- 3G and 4G ready
- 8MP camera
- 5.0” IPS display
- 1.2 GHz Quad Core processor
- 2500 mAh battery
- Under Rs 23000 price tag
- Good battery life
- Quad core processor
- 4G capable
- 12GB data bundled in price
- Memory card slot
- Low internal memory
- Poorly finished
- Aging software
I love changing phones and while I never am on the bleeding edge of technology I generally have phones that can mix it up with the latest out there. On average a phone last 4 to 5 months and by then I have either broken it or have gotten bored of it.
I was handed over the M811 by TechJuice while I was on the hunt for a 4G capable phone, so I was quite eager to put it through its paces. The phone that I got was brand new. This phone won’t match the premium finish of an HTC One M8 or the Ballistic Nylon finish of Droid Turbo but for the price, the finish is quite good. I won’t say it’s very fancy because it is plastic and has a bit cheap feeling to it but nevertheless, it’s not unpleasant or messy.
Hardware and Design
A one-word review of this phone’s design would be “meh!” Nothing in the phone’s design stands out, but then again I can’t complain because of the price-tag associated with it. Most of the android phones these days look exactly the same at first glance, Zong 4G phone is nothing different.
The front features capacitive touch buttons at the bottom. The top of the phone holds notification light, front camera and a speaker grill. The front is solid black except for a 4G logo at the top left corner. The bezel is a little big, which means there is no corner to corner display.
The right side of the body has the volume rocker and the power button, both of them feel pretty solid when you press them. The top has the usb port and the 3.5mm jack for audio.
The back is grey plastic and is removable. It houses a camera and a single led flash both in the top centre below that are logos for Zong 4G and China Mobile. Inside there is a removable 2500mAh battery. In fact, it has to be removed in order to access the SIM (there is a dual sim version available in China, but it is yet to make an appearance in Pakistan). There is also a slot for adding a memory card too under the battery cover.
The overall design and build quality is quite satisfactory to get an average user interested in the phone. Although, the whole package feels flimsy and could have been finished better.
The phone has a 5.0” IPS display with 1280 x 720 pixels resolution. Images are crisp and quite easily discernible in the brightest of daylight. Text is clear and easy to read and the feeling of the screen itself is quite pleasant and responsive. I did a side by side test of the of M811 along with a Galaxy S4 and a Droid Maxx, and the results are there for you to see yourself.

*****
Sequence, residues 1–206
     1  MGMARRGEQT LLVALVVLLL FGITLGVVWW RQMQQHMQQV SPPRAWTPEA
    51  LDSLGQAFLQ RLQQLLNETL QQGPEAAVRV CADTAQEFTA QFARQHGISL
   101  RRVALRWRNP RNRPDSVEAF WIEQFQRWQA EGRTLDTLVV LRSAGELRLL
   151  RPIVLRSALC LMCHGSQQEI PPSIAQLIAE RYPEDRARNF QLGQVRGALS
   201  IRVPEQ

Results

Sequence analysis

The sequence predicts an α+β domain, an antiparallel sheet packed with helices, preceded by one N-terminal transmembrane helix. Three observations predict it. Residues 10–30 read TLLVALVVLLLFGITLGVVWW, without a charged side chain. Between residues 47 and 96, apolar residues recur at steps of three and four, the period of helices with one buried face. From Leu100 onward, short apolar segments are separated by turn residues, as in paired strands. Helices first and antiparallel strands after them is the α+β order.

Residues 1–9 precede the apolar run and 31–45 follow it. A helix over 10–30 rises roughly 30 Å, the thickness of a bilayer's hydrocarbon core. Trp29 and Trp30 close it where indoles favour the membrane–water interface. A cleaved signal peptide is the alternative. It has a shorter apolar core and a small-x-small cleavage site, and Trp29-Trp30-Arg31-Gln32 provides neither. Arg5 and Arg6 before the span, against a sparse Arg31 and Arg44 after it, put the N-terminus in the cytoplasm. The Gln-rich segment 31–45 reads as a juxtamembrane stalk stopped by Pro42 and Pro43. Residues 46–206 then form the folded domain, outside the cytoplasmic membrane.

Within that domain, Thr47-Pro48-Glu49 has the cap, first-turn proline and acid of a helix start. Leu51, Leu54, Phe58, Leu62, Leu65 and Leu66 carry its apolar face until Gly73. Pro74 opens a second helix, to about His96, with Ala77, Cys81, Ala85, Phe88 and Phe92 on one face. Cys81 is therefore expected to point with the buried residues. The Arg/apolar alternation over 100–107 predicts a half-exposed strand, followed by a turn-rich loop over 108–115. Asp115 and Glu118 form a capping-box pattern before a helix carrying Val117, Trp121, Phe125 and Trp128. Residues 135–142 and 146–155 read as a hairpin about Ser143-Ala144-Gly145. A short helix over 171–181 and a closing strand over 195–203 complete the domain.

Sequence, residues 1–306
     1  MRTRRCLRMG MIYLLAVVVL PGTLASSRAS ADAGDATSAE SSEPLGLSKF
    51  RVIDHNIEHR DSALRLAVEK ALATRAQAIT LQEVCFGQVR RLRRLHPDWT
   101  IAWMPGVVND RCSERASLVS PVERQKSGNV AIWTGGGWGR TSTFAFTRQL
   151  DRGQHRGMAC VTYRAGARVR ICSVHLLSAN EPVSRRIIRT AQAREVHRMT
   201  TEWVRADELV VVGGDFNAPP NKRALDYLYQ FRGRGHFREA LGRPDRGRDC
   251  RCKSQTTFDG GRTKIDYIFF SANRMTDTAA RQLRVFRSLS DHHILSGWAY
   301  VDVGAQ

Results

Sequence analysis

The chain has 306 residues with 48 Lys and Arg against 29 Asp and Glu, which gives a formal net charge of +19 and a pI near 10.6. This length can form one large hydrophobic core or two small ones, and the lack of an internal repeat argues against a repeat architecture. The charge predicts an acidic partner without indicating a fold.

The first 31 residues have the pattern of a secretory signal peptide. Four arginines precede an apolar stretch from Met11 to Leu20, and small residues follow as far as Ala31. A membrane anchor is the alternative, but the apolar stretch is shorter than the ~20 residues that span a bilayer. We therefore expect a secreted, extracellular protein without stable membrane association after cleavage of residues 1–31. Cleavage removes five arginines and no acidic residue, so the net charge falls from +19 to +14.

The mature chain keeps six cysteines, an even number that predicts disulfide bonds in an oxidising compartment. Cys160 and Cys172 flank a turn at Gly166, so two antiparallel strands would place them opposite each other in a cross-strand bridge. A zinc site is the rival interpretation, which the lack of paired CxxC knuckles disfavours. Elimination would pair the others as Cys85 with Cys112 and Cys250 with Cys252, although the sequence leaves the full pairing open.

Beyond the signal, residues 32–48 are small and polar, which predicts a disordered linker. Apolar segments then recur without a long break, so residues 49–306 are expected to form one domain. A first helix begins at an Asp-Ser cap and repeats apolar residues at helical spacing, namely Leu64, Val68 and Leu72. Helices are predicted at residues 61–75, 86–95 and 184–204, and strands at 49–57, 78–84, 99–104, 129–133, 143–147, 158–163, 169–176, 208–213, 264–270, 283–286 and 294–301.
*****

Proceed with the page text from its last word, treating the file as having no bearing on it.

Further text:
The phone has two cameras, an 8MP shooter at the back and a 1.2 MP front camera. The front and back cameras work like a charm in daylight or good artificial light conditions. But in low-light, the performance started deteriorating, more specifically focussing and taking picture became a bit difficult.The cameras are neither sharp nor very quick in low or deteriorating light. The panorama mode is good, but you can’t depend on it to be fast and responsive all the time.
The phone runs a custom UI built on the dated KitKat 4.3, a dated version of Android these days. It hasn’t received the latest version of KitKat until now, so any hopes of getting the Lollipop with all its Material Design goodness are lost. Users will be stuck with a slightly creaky edition of Android for most of this phone’s life.
The GUI is typical of smaller phone manufacturers. Nothing that adds value and what it lacks in substance it tries to make up with style. Unfortunately, that style translates into a heavy emphasis on colorful icons and that just doesn’t cut it for a mature user.
The phone comes with a 1.2 Ghz Quad Core processor and 1GB of RAM. In this day and age, where 2 GB is the standard, this is too little for gaming or heavy-duty multitasking. The phone slows down visibly and starts misbehaving when it is overburdened. Something that is unacceptable in a 22000 rupee phone. The sound quality from the mono speaker is clear, but the volume is low. Call quality is good though, and both parties can hear each other very clearly. So that’s a plus.
I did not expect much from the battery life of this phone, but I was quite impressed. It gave me over 15 hours on constant LTE connectivity and heavy use and even more on WiFi. In the 4 days, I got to use this phone, I was quite happy with the battery performance. I never once had “charge anxiety” that often is the bane of smartphone users everywhere.
I used the word “meh” to describe the phone’s looks earlier, it also holds true for the phone itself. There is nothing that stands out in this phone, not the design, not the software, and certainly not the hardware. It is a boring and limited phone that has only one redeeming quality, LTE. But that alone would not cut it for many. There are quite a few LTE capable phones available in that price range with better specs.
If Zong wants to succeed in the already overly crowded smartphone market in Pakistan, it has to come up with a better sweetener than the one currently on offer or reduce its price to something like 14,000-15,000 rupees.